The Italian Research Scandal Grows: New Questions And More Confusion

New questions are being raised about yet another published study from an embattled Italian research group. It also appears that despite attempts by some of the participants to respond to some of the previous questions and accusationst there is little likelihood that the growing scandal will be resolved anytime soon.

The new allegations are the latest episode in an ongoing saga that began last year with the arrest of 9 Italian cardiologists as part of a broad investigation into serious medical misconduct at Modena Hospital (Policlinico di Modena). The most prominent figure arrested was Maria Grazia Modena, the former head of cardiology. Since the arrests last year I have reported about numerous errors and other problems related to 2 studies by many of the same cardiologists published in the journals Heart and the American Journal of Cardiology.

The new questions concern a paper published in Circulation Cardiovascular Inteventions. Specifically, the paper claims that the study enrolled all consecutive STEMI patients from 2002 to 2008, obtained informed consent from all patients, and achieved 100% followup at 1 year. In addition, I found 2 mathematical errors in Table 2, including the apparent paradox of a subgroup of low risk men (n = 548) being larger than the entire group of men (n = 522). (Click to enlarge the image of the Table.)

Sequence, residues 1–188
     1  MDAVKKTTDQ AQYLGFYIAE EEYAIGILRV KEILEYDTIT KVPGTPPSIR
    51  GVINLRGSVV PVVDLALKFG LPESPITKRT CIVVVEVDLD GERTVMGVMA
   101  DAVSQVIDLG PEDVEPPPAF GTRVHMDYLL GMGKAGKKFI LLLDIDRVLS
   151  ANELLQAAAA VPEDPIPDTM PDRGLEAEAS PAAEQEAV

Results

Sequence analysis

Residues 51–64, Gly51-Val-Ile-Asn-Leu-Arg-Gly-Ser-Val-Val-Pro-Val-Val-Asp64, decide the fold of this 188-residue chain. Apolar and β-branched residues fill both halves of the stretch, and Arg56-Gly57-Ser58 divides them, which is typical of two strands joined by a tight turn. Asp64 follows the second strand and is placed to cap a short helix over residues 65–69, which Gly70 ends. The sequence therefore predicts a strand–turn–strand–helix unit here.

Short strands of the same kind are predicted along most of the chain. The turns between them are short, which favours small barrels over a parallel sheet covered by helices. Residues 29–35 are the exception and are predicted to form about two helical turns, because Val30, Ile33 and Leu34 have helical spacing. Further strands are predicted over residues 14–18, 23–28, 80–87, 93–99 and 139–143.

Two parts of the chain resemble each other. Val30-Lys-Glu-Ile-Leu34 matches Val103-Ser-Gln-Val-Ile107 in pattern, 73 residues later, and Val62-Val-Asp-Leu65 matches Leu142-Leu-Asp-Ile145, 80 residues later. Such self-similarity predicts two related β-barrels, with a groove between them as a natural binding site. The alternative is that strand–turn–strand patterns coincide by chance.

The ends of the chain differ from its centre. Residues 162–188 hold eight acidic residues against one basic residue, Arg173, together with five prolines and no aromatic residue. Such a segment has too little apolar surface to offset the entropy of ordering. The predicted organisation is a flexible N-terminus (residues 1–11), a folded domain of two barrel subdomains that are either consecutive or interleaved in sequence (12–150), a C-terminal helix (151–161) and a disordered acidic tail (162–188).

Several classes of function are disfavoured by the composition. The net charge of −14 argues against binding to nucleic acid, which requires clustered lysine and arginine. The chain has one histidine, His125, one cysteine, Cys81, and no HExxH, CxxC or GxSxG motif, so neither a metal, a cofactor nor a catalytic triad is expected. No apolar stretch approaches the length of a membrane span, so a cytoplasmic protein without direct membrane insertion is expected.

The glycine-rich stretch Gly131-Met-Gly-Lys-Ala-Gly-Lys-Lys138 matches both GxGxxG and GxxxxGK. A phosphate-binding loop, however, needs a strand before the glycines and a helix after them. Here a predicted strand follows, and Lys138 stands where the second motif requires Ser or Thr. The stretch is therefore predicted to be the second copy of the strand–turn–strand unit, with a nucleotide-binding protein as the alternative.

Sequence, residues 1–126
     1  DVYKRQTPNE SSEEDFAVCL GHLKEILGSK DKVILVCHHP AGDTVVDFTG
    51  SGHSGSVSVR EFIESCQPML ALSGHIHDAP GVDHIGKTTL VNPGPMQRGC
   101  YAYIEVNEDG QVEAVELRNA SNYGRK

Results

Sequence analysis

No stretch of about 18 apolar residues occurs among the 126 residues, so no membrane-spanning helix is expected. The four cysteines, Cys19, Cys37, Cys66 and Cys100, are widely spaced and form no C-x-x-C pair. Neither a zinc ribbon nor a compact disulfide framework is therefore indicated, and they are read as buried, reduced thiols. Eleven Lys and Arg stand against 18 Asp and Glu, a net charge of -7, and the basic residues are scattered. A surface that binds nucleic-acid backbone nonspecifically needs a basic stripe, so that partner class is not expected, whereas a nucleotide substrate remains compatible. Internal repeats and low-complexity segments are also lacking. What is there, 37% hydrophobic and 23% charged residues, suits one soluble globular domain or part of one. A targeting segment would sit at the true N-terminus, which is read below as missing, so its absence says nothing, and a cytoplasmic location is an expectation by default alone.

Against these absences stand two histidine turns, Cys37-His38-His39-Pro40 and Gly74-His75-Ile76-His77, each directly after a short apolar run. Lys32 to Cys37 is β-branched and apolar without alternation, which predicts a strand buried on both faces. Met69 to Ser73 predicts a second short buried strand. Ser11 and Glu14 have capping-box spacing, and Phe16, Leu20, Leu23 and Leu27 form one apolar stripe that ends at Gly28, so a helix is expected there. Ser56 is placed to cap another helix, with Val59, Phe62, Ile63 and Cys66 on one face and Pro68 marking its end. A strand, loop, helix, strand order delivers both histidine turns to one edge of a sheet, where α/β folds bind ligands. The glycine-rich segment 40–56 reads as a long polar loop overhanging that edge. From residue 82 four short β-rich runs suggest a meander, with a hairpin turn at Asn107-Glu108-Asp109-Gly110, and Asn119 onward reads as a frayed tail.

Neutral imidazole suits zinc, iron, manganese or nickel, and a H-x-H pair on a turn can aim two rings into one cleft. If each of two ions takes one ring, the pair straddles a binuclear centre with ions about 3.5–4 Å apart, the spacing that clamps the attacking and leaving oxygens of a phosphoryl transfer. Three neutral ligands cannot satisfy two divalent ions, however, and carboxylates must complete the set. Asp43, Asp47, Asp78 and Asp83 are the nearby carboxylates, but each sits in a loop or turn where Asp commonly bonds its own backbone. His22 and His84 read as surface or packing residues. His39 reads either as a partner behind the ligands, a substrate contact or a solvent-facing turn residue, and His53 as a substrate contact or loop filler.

The question about the enrollment of all STEMI patients is further complicated by the fact that (at least) 2 previous papers (the Heart and  AJC papers mentioned abovehave claimed to enroll, obtain consent, and achieve complete followup of the same STEMI population from the same hospital at the same time. Do the authors claim that informed consent was obtained for each of these studies and from each of the patients?

A Weak Defense

In response to my story about the American Journal of Cardiology paper the first author of that study, Daniel Monopoli, sent a lengthy response. (I have reprinted the entire response at the bottom of this post.) Readers should of course judge for themselves, but I do not believe Monopoli has satisfactorily resolved any of the questions raised about the paper. In some instances I think he has, inadvertently, worsened his position.

Click here to read the full post on Forbes.

 

 

 

Leave a Reply

%d bloggers like this: